4. A process of making essentially oxygen-free peanut butter having improved flavor stability comprising (1) removing dissolved, adsorbed, and entrained oxygen from a peanut butter stabilizer slurry consisting essentially of edible oil and up to about 65% by weight of the slurry of undissolved material by the steps comprising (a) injecting inert gas into said stabilizer slurry at a rate ranging from about six to about 30 volume percent of the rate the slurry is being pumped in the process system at the point of injection and While said slurry is maintained in a process system under a positive pressure of at least about three atmospheres, and (h) retaining the inert gas in said process system for a period of time suficient for substantially dissolving the inert gas in the slurry, (c) subsequent to the solution of said inert gas, flashing the slurry to substantially atmospheric pressure whereby an oxygen-inert gas mixture is released from solution in said slurry, and (d) removing said released oxygen-inert gas mixture from said system; (2) admixing said de-oxygenated stabilizer slurry with a ground peanut mass to 'form a peanut butter slurry; and (3) removing dissolved and entrained oxygen from said peanut butter slurry by the steps comprising (e) injecting inert gas into said peanut butter slurry at a rate ranging from about six to about 30 volume percent of the rate the slurry is being pumped in the process system at the point of injection and while said slurry is maintained in a process system under a positive pressure of at least about three atmospheres, f) retaining the inert gas in said process system for a period of time sufiicient for substantially dissolving the inert .gas in the slurry, (g) subsequent to the solution of said inert gas, flashing the slurry to substantially atmospheric pressure whereby an oxygen-inert gas mixture is released from solution in said slurry, (h) removing said released oxygen-inert gas mixture from said system, (i) rapidly chilling said slurry to a temperature less than about 100 F. to substantially crystallize References Cited by the Examiner UNITED STATES PATENTS 1,649,127 11/1927 Rector 99-189 X 2,521,243 9/1950 Mitchell 99-128 OTHER REFERENCES Freeman et al., Peanut Butter, March 1954, AIC- 370, USDA Agriculture Research Service, Southern Utilization Branch, .p. 7.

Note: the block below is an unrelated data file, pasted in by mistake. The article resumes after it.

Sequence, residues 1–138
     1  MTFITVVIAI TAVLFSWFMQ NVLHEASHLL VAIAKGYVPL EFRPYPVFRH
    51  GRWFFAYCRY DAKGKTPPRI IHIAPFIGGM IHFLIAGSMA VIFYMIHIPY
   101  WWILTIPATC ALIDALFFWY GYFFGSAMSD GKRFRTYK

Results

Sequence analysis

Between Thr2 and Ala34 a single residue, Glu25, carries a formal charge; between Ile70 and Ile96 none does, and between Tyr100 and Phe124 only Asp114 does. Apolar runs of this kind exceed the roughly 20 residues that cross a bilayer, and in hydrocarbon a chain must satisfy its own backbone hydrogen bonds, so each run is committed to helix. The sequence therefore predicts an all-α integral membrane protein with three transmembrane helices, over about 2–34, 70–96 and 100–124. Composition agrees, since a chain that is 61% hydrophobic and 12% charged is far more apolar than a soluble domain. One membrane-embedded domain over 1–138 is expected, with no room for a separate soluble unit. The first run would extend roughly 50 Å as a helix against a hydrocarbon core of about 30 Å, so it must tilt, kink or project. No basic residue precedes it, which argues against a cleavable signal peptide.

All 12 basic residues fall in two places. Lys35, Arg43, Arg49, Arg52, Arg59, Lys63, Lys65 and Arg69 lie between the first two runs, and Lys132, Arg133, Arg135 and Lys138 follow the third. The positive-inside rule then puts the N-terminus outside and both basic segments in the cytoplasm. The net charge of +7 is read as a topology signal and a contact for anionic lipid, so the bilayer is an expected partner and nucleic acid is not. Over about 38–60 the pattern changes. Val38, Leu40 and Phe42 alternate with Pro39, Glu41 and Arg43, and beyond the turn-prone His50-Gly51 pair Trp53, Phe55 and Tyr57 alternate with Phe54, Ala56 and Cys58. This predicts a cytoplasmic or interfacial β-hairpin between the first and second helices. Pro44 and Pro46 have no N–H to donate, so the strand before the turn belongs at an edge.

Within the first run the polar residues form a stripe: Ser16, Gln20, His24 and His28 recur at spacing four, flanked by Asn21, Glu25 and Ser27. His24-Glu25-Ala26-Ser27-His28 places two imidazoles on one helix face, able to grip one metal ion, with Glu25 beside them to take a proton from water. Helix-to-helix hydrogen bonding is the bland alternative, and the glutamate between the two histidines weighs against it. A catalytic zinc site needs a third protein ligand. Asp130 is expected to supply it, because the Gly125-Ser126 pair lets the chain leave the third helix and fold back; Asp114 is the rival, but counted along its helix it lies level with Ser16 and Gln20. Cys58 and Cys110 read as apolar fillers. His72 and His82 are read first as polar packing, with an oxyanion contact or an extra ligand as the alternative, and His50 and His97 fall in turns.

Food Industries, September 1949, pp. 37, 38, 190, 192.

Food Technology, April 1950, pp. 151, 156, 157.

References Cited by the Applicant UNITED STATES PATENTS 2,13 6,744 11/ 193 8 Hickman. 2,494,717 .1/ 1950 Owen. 2,834,682 5/ 1958 Zuckerman. 2,970,917 2/ 1961 Melnick. 2,976,154 3/ 1961 Brown et a1.

OTHER REFERENCES Procter & Gamble, Technical Bulletin on Fix, the New Revolutionary Peanut Butter Stabilizer, p. 9 (1950).

A. LOUIS MONAOELL, Primary Examiner. JOSEPH M. GOLIAN, Examiner.

Patent Citations
Cited PatentFiling datePublication dateApplicantTitle
US1649127 *Apr 28, 1922Nov 15, 1927Vitapack CorpCanning process
US2136744 *Aug 24, 1936Nov 15, 1938Huye Joseph GHat packing stay and combination package
US2494717 *Nov 18, 1947Jan 17, 1950Merck & Co IncPeanut products and process for preparing the same
US2521243 *Feb 19, 1948Sep 5, 1950Procter & GambleManufacture of nut butter
US2834682 *Jun 15, 1955May 13, 1958Sunshine Biscuits IncMethod of making foamed peanut butter
US2970917 *May 9, 1957Feb 7, 1961Corn Products CoWhipped margarine and process for making the same